During the first phase, oral pre-treatment with all the extracts slightly reduced the animal responses. The aqueous extract at 570 mg/kg, methanol extract at 200 mg/kg and ethyl acetate fraction at 200 mg/kg reduced the total number of paw shakes, by 19.97%, 20.05% and 20.40% respectively, in a similar manner than that produced by the NSAID indomethacin (28.55%; p < 0.05) when compared with the control group. Nevertheless, none of the extracts produced an inhibitory effect as great as morphine in this phase (45.26%; p < 0.01), chosen as opiate analgesic drug.

The inhibitory effects of S. canariensis extracts were in general more pronounced in the second phase at the same doses. Pretreatment with the three aqueous extract doses significantly reduced pain in this phase in a dose- dependent manner by 38.16% (p < 0.05), 42.67% (p < 0.01) and 73.75% (p < 0.001) respectively. On the other hand, the methanol extract and the ethyl acetate fraction, both at 200 mg/kg, significantly reduced pain, with values of 56.20% and 53.01% (p < 0.01) respectively, when compared to vehicle control, remaining a little below the excellent values produced by the reference drugs used, indomethacin (84.98%; p < 0.001) or morphine (96.16%; p < 0.001) in this phase.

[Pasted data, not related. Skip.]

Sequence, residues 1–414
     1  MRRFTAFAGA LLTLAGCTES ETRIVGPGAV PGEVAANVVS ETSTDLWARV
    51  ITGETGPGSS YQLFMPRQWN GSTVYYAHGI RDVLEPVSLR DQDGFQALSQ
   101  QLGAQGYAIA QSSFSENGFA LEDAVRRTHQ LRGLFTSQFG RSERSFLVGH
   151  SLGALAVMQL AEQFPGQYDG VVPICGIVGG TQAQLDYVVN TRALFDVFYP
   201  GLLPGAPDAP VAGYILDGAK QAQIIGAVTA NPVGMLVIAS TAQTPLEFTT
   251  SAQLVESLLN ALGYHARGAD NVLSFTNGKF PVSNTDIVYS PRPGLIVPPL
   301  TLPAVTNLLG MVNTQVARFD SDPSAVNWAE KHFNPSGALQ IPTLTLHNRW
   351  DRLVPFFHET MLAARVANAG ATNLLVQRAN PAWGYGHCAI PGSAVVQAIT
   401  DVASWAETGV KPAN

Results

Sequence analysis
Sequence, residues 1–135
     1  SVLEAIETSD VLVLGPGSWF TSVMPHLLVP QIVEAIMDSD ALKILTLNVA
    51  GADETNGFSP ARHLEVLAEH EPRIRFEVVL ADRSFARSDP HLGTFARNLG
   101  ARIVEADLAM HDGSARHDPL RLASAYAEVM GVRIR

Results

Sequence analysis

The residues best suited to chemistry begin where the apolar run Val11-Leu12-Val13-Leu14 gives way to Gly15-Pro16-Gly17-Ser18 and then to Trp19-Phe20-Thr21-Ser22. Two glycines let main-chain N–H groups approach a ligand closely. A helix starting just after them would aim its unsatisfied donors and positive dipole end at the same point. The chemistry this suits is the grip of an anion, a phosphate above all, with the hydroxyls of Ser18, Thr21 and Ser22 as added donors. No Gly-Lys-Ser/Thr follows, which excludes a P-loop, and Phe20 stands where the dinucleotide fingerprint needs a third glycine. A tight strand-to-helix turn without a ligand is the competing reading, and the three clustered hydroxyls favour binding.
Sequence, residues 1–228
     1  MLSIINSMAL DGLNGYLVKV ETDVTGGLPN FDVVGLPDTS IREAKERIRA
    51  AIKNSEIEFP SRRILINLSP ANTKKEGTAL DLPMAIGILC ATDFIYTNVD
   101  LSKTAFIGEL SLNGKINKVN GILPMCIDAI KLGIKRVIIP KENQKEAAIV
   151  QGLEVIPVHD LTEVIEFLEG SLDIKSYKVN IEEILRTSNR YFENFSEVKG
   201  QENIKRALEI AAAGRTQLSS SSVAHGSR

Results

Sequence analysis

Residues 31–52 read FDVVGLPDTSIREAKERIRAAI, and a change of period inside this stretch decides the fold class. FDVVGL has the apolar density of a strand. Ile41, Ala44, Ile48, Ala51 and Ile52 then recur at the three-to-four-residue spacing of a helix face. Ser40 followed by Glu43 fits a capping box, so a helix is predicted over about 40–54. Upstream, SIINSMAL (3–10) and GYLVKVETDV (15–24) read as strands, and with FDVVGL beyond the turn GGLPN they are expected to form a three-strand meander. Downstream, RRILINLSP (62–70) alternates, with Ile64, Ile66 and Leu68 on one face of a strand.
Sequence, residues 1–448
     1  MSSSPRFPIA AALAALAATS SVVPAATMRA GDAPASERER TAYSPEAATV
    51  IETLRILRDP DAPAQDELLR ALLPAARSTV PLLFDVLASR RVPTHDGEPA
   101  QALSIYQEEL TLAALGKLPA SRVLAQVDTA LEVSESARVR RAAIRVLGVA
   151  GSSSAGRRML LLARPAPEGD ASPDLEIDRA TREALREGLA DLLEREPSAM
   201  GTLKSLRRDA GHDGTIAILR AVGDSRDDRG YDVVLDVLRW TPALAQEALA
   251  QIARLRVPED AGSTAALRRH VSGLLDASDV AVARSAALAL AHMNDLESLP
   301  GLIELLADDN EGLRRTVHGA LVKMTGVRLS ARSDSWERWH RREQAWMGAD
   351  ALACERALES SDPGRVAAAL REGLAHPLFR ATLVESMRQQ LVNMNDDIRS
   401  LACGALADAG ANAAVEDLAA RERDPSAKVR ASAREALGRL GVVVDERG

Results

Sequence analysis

Concerning the antinociceptive effect of S. canariensis extracts and fractions on the tail-flick test in mice, while the reference opioid drug, morphine, produced a significant inhibition in the first and second hour after intraperitoneal injection (51.21% (p < 0.01) and 81.82% (p < 0.001) respectively), none of the extracts doses assayed produced an important increase in the reaction time to thermal stimuli; the most active dose resulted in a reduction of only 18.35%, well below the 81.82% of morphine (data not shown).